Best practice: string manipulation functions

This is a discussion on Best practice: string manipulation functions within the C Programming forums, part of the General Programming Boards category; Hi, I am fairly new to C coding and have a question regarding the best practice when using functions to ...

  1. #1
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    Best practice: string manipulation functions

    Hi,
    I am fairly new to C coding and have a question regarding the best practice when using functions to manipulate strings. Basically I would like to know should I write a function like:

    char *manipulate(char *str)
    {
    static char outstr[1024];

    < Insert function code >

    return outstr;
    }

    or is it better to write:

    char *manipulate(char *outstr, char *str)
    {
    < Insert function code >

    return outstr;
    }

    I was just curious to know if I should be using one method or the other as a best practice from point of view of performance and or style.

    Thanks in advance for any feedback.

  2. #2
    ATH0 quzah's Avatar
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    I suppose it depends on what you need to do with it. If you need to return the modified string, you'll need to allocate it dynamicly, or use an internal static buffer. If you pass a buffer to store the modified string in, you'll also want to pass the size of the buffer, so that you don't run merrily along and trash your memory as you walk off the end of it.

    But really, it depends on what you're actually doing with the string.

    Quzah.
    Hope is the first step on the road to disappointment.

  3. #3
    Gawking at stupidity
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    It's really personal preference IMO. Each has its pros and cons.

    In the first style the calling function doesn't have to worry about declaring the buffer. However, you can't do something like printf("%s:%s\n", manipulate("foo"), manipulate("bar")); because the static buffer will get overwritten by the second call to manipulate().

    In the second style you can do the printf() type things, but the calling function has to declare the buffers used by manipulate(). Also, your second method is a little dangerous in that manipulate() has no idea how big outstr is so you might be risking a buffer overflow. I'd rewrite it as char *manipulate(char *outstr, int size, char *str) where size is the size of outstr if you decide to go that route.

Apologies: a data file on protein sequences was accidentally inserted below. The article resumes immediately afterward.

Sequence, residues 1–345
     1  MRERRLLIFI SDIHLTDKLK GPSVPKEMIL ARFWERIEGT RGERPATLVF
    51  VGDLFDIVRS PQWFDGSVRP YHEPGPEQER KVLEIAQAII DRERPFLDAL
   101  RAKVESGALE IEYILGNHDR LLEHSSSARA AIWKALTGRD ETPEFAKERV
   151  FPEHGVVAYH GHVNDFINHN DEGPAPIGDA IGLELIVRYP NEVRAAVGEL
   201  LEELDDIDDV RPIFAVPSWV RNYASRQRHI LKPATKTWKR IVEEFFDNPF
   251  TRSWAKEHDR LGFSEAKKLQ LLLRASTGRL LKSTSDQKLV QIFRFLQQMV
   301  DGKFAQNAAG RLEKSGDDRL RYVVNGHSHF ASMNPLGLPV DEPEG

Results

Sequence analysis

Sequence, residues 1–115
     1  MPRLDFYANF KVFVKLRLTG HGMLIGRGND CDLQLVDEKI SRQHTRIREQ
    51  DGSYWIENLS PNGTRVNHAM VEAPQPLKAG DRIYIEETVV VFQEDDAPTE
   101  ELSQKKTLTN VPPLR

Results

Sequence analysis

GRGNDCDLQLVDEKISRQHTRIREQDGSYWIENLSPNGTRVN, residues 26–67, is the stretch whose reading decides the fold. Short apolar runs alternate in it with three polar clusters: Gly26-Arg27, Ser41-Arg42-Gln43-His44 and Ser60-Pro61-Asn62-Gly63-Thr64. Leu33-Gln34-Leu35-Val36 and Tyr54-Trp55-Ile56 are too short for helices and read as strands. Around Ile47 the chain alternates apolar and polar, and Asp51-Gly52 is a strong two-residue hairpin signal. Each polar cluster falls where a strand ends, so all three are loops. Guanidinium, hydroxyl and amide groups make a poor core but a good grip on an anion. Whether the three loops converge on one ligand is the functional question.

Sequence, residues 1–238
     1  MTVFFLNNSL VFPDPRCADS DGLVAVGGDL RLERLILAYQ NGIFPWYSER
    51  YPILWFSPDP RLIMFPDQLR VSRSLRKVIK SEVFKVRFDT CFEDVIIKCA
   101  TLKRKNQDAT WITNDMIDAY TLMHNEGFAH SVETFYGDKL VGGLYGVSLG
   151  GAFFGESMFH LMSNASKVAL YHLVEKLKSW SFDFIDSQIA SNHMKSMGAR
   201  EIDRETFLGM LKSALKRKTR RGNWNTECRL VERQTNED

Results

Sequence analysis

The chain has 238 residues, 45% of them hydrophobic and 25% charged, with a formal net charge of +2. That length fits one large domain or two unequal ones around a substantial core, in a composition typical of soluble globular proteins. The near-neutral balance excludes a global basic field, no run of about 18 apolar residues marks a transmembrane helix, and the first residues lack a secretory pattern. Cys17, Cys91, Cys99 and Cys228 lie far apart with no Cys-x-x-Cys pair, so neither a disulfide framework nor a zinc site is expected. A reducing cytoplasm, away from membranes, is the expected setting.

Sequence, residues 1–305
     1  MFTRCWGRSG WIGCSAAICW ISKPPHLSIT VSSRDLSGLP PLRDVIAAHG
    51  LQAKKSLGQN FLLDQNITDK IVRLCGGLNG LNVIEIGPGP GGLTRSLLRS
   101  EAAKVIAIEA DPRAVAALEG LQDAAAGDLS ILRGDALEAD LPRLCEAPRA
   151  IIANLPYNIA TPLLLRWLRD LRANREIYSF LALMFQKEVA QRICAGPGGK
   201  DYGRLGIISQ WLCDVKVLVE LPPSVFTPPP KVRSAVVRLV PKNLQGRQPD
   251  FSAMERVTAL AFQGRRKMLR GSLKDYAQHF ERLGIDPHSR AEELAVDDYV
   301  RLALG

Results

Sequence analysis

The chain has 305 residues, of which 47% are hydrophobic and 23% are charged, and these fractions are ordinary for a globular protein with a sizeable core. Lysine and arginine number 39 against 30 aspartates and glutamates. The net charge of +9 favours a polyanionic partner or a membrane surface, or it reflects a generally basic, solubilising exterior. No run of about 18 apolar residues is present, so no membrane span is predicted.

A third style would be to have manipulate() dynamically allocate memory for the buffer, but then the calling function has to worry about free()'ing that memory and I personally think it's best for a function to provide its own clean-up whenever possible.

    Being consistent I think is the most important part. You don't want half your functions to work one way and the other half to work the other.
    If you understand what you're doing, you're not learning anything.

  4. #4
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    The second way is far more intuitive, and easier to debug if you have problems. You should pass in the size of the buffer as well in your second function though, so you dont overwrite it by accident.

    While the first method is technically correct, you will start to have problems when the function is called repeatedly. Especially if it is called from different threads. Picture this:

    Code:
    char *pstr1, *pstr2;
    pstr1 = manipulate();
    pstr2 = manipulate();
    // now pstr1 and pstr2 both point to the same location in memory.  If you make
    // a change to one, it will change the other.  This can cause you major headaches.

  5. #5
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    Wink

    Thanks for all of the help, I think it is clear that the second method is probably the method of choice to use.

    Thanks for the tip about passing the size inside the function call as well.

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